West Virginia Record

Wednesday, January 22, 2020

Neely dismisses notion that he's anti-business, says people are too negative

Attorneys & Judges

By Chris Dickerson | Oct 21, 2019


CHARLESTON – Richard Neely says people today are too quick to focus on the negative.

“People want to dwell on the negative,” the former Justice and current Supreme Court candidate said. “The truth is I’m not a particularly partisan person. People like to bring out the negative because they just don’t like me.”

One group that has been critical of Neely’s time on the state Supreme Court is West Virginia Citizens Against Lawsuit Abuse.


“After decades of corruption and incompetence, the West Virginia state Supreme Court has finally been restored to a stable and fair governing judicial body,” WV CALA Executive Director Jordan Burgess told The West Virginia Record. “Under the leadership of Chief Justice Beth Walker and Justices Evan Jenkins and Tim Armstead, the people of West Virginia have confidence in our state Supreme Court.

“No one wants to bring back the bad old days of jackpot justice, including when Richard Neely was on the court. West Virginians don’t want more runaway verdicts and embarrassing actions and rhetoric from greedy personal injury lawyers like Richard Neely.”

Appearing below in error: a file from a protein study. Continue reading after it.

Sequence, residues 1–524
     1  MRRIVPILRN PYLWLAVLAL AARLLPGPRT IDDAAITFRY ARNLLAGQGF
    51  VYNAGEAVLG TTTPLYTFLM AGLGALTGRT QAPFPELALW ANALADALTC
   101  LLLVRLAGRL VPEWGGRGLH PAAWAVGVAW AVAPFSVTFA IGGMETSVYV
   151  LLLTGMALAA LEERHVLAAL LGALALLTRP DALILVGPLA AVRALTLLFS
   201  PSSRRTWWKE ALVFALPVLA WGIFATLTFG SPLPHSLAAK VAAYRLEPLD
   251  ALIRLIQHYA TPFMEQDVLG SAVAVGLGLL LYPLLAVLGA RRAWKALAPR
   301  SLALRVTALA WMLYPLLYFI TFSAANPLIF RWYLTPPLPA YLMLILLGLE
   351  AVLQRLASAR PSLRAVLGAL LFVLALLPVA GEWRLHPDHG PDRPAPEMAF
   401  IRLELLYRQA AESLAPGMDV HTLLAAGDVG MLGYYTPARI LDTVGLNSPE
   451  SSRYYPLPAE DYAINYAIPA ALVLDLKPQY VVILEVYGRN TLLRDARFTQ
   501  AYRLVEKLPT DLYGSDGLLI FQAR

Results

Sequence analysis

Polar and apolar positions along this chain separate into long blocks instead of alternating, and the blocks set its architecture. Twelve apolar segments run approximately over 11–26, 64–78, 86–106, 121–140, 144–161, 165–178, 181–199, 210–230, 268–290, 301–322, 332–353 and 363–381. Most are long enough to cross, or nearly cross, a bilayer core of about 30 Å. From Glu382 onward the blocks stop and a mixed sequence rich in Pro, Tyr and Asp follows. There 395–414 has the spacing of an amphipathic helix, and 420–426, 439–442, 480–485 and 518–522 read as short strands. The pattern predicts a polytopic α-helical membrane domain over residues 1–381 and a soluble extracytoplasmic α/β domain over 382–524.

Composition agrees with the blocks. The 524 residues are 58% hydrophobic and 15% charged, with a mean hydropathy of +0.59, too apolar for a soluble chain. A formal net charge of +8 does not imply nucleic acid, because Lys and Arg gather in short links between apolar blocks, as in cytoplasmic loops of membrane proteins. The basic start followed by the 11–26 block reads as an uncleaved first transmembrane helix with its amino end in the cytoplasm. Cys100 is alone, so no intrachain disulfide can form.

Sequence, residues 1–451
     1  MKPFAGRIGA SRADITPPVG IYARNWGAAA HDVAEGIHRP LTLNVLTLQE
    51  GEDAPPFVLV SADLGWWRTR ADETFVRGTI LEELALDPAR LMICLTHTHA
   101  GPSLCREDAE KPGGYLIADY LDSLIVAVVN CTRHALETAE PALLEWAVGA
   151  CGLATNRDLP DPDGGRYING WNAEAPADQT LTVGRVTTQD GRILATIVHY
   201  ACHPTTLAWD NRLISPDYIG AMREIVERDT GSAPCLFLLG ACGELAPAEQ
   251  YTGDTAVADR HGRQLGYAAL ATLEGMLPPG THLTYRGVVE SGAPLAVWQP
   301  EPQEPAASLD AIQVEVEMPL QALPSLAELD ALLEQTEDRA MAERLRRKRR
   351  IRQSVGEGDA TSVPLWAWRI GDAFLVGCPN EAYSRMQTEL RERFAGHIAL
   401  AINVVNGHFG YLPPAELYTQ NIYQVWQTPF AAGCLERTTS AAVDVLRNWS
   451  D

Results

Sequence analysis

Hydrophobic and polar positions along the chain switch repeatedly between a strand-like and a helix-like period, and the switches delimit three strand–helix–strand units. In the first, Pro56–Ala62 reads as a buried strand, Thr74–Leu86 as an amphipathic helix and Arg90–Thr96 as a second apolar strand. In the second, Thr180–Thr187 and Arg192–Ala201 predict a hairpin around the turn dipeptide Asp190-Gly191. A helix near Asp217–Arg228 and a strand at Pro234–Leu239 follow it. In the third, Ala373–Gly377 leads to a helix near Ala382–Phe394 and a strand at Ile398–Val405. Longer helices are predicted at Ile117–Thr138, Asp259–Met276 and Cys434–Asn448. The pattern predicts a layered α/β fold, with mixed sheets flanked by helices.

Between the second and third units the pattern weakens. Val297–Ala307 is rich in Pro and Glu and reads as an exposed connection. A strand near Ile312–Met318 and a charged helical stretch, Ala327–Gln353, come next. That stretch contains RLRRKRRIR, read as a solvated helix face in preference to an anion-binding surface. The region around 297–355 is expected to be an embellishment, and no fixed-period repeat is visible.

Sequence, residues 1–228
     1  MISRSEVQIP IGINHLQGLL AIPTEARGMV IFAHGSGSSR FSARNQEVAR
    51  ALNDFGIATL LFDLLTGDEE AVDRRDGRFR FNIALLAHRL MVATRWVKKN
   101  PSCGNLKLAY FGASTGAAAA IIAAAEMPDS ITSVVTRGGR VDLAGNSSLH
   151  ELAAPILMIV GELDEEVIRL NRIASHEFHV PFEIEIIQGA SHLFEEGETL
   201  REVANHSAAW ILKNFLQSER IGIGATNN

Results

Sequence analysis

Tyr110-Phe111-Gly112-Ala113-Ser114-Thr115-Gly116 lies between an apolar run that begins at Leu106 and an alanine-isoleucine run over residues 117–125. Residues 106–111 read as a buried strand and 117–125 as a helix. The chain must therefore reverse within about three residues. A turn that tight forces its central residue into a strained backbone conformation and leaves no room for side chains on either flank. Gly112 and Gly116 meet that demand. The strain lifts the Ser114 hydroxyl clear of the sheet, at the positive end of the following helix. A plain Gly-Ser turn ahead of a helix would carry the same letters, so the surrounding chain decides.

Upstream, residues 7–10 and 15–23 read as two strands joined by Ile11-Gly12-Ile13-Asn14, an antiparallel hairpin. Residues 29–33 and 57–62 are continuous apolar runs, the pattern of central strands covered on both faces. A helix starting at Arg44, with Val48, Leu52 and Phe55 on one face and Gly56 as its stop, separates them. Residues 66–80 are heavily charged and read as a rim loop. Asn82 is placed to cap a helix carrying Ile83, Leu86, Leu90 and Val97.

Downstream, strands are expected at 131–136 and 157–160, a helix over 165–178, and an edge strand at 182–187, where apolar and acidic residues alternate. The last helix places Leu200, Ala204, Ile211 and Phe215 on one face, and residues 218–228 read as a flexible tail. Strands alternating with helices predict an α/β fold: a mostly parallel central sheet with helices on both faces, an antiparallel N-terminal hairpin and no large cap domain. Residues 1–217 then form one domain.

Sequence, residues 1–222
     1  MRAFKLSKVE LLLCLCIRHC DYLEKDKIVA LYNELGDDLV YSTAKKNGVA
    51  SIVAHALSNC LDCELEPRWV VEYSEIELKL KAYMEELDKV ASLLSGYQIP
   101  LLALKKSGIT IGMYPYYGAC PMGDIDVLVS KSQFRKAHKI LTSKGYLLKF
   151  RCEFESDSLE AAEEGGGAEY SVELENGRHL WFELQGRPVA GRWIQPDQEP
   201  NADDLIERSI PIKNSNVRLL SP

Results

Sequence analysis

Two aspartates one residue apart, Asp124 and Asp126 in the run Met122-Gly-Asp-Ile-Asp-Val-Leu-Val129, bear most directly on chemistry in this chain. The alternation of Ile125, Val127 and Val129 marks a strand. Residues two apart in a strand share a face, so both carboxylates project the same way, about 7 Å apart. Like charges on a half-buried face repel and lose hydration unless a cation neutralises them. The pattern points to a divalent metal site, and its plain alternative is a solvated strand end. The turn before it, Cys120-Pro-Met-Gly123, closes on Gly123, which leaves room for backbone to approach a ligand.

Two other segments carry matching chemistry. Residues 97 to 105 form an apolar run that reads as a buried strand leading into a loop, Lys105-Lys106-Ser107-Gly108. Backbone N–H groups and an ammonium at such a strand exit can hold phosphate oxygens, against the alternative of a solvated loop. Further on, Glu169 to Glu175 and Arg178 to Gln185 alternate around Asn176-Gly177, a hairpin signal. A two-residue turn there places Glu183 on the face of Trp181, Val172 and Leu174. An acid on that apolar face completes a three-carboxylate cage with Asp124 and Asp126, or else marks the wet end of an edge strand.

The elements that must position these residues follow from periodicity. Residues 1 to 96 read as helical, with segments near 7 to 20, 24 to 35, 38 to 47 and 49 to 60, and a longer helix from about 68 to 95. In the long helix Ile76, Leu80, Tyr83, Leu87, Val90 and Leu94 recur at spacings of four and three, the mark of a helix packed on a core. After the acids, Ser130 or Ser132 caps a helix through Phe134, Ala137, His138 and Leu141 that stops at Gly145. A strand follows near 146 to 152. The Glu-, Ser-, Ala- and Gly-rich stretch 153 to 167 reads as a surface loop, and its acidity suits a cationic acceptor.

Neely says the notion that he is anti-business is absurd.

“I am a businessman,” the Charleston attorney told The Record. “I have always been in business. I’m the general manager of a real estate holding company. I’m general counsel of a national 5G internet wireless provider called WiLine Networks Inc., which is headquartered in Silicon Valley, California.

“I regularly defend businesses in cases. I have a major case in federal district court for a West Virginia company with about 600 employees. I’m not someone who is unfamiliar with business.

“And remember, I was brought back as a retired judge to write the opinion in the state v. Morgan Stanley. That ruling reversed a big judgment against Morgan Stanley.”

Neely said he knows businesses have issues with the state court system.